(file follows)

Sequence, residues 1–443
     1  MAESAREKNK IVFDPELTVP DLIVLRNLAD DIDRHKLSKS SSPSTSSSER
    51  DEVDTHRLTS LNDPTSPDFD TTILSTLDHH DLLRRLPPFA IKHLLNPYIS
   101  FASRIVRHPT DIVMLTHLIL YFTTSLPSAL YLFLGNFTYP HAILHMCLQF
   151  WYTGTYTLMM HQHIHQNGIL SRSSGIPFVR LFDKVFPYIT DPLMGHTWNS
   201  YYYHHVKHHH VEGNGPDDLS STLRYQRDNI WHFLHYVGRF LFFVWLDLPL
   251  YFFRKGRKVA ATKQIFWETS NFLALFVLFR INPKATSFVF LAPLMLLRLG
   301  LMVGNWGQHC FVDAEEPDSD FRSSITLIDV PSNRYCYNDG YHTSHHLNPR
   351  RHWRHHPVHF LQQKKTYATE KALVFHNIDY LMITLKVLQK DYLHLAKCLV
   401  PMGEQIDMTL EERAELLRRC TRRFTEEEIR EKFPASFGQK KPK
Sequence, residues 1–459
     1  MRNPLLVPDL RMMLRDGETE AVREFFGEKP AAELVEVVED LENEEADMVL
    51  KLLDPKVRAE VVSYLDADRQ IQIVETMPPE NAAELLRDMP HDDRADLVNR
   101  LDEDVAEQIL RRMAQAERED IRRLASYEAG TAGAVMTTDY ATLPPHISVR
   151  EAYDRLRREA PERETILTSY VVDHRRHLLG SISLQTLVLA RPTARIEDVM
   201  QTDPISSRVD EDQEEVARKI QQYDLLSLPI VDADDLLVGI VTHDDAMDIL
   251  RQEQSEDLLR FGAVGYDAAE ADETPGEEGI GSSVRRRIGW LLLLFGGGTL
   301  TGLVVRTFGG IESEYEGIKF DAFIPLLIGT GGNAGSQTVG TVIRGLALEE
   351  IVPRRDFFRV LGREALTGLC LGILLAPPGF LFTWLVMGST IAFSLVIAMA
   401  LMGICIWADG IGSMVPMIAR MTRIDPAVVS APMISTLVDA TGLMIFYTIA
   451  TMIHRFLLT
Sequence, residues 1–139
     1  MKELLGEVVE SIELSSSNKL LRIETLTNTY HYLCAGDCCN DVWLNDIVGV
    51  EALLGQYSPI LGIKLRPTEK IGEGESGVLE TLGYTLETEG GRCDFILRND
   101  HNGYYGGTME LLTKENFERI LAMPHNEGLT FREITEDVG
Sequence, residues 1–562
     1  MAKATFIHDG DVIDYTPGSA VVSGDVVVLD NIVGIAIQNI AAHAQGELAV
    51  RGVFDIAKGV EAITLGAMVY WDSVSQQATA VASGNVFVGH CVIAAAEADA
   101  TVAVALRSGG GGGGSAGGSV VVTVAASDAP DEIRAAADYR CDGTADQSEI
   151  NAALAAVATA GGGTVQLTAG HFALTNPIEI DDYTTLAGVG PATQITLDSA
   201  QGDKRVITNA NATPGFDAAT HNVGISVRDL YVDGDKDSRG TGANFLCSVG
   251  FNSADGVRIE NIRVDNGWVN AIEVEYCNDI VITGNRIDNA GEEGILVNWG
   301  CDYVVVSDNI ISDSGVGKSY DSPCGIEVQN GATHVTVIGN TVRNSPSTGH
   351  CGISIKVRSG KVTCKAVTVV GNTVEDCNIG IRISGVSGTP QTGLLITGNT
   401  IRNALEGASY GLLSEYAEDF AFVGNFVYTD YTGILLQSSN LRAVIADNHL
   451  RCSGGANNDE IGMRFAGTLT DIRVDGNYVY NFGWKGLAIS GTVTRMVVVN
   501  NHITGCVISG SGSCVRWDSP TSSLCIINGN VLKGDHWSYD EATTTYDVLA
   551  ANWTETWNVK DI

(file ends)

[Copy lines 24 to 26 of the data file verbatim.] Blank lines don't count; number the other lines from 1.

    51  EALLGQYSPI LGIKLRPTEK IGEGESGVLE TLGYTLETEG GRCDFILRND
   101  HNGYYGGTME LLTKENFERI LAMPHNEGLT FREITEDVG
Sequence, residues 1–562